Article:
Due Dates:  Marx—Sept. 20; Fishman—Oct. 4   

             Value: 15% (times 2) = 30%

 

C.         Each student will build a Portfolio of her/his essays in this course. Please submit your portfolio with each written assignment. Please paperclip your essays together—no duotangs or folders. Please include the original, marked-up copy of your previous paper(s) in the portfolio. With the exception of your first summary, papers submitted without a portfolio will not be accepted

 

D.         Each student will write a Midterm Exam on November 1, 2010 and a Final Exam (as scheduled by the Registrar’s office). The Midterm is worth 25%, and the Final, 30% of the final grade.

 

 

COURSE POLICIES:

 

Students are expected to be aware of the policies that govern all course work at Briercrest College. Please refer to Academic Handbook - http://www.briercrest.ca/documents/college/college-academic-handbook.pdf. In particular, please note the following policies:

 

Attendance: All students missing more than 2 full weeks, from the first day to the last day, of a particular class will receive an automatic fail “F” (0%).

 

Final Exams: Students are allowed 3 hours to write each final exam. They must write their final exams as scheduled. ALL final exams are mandatory; failure to write one will result in an “F” (0%) for the course.

 

Late Assignments:

·         All assignments are due at the beginning of the class period on the assigned day.

·         Unless otherwise stated, late assignments will be accepted for one week from the original due date with a penalty of 20% deducted from the assignment value. All late assignments are due at the beginning of class one week from the assigned date.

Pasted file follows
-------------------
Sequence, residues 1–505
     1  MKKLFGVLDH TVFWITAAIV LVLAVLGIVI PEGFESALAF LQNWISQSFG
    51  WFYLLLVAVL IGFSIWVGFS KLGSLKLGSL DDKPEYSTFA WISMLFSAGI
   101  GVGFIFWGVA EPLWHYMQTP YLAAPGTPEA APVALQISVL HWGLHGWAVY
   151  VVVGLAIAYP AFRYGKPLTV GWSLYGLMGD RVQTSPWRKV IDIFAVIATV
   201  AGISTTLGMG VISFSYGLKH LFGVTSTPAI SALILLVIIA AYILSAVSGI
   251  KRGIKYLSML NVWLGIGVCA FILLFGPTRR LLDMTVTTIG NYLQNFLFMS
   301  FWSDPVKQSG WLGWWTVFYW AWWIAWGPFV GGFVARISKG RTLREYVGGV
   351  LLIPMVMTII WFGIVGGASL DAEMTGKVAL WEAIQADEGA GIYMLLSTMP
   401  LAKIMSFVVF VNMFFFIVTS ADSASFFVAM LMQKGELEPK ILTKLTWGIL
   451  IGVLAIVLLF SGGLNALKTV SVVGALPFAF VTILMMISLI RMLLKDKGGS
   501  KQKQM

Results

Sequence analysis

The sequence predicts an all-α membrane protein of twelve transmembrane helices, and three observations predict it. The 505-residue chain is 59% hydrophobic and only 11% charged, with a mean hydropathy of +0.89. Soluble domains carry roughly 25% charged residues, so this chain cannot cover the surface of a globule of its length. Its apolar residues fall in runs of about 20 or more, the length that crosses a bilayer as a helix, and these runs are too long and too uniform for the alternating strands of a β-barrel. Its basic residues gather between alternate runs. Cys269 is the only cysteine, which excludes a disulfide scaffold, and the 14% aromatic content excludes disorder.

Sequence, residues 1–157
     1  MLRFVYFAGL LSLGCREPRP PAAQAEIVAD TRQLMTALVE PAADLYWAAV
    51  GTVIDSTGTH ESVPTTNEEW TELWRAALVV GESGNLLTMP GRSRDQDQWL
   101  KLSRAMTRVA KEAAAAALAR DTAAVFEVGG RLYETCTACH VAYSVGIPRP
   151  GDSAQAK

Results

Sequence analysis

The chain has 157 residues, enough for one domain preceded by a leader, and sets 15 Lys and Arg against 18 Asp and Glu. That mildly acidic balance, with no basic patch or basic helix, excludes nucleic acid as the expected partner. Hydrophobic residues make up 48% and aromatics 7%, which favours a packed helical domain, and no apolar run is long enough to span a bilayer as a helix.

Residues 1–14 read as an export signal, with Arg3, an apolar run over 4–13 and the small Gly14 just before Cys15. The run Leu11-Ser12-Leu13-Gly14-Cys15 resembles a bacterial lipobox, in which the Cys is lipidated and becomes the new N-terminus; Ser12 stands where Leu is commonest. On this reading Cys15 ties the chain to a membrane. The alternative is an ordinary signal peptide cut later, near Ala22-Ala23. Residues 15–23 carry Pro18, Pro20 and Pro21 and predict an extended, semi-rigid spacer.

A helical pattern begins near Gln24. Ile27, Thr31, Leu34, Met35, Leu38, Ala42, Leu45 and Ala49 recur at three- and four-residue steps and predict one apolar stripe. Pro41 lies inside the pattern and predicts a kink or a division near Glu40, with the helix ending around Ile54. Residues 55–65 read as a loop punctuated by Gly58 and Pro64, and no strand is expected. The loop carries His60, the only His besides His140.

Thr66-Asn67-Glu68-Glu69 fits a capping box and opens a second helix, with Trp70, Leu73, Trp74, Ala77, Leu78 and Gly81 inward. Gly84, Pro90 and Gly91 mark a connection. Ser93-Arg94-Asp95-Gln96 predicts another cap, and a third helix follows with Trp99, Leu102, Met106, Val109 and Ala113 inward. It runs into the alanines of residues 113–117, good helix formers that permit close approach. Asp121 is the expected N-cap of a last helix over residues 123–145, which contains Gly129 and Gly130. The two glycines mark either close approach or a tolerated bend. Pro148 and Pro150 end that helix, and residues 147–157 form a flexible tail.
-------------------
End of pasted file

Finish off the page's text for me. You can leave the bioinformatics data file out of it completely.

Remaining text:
·         Assignments not submitted within one week of the original due date will not be accepted and will receive a "0".

 

Academic Integrity and Honesty:

Please refer to the policy on pages 7-9 in the Academic Handbook (see the link above).

 

Learning Disabled or Special Needs Students:

Any student with a documented disability who needs accommodations should discuss them with the course instructor after contacting the Academic Services Office, in person, or by email at academicservices@briercrest.ca.

 


 

COURSE UNITS, TITLES, AND REQUIRED READINGS:[2]

 

 

Unit

Section Title

Required Readings

 

 

 

Unit 1

The Sociological Perspective

 

  I.

Introduction and Overview

Mills, "The Promise of Sociology" [CP & AL]

SOCIOLOGY, Chapter 1

  II.

Pioneers of Sociological  Explanation

 

     A.

Auguste Comte

Comte, "The Positive Philosophy" [CP & AL]

     B.

Emile Durkheim

Durkheim, "What is a Social Fact?" [AL Only]

     C.

Karl Marx

Marx, "Classes in Capitalism and Pre-Capitalism" [CP & AL]

 

 

 

Unit 2

Unit Ideas in Sociology

 

  I.

Introduction to 'Unit-Ideas'

Nisbet, “The Unit Ideas of Sociology,” 3-9 [CP]

  II.

The Two Revolutions

Nisbet, “The Two Revolutions” [CP]

  III.

Community

Nisbet, “The Problem of Community” [CP]

Fishman, “London: Birthplace of Suburbia” [CP]

  IV.

Authority

De Tocqueville, “The Omnipotence of the Majority” [CP]

  V.

The Sacred

De Coulanges, The Ancient City, 3-34 [CP]

  VI.

Alienation

 

 

 

 

Unit 3

Social Processes

 

  I.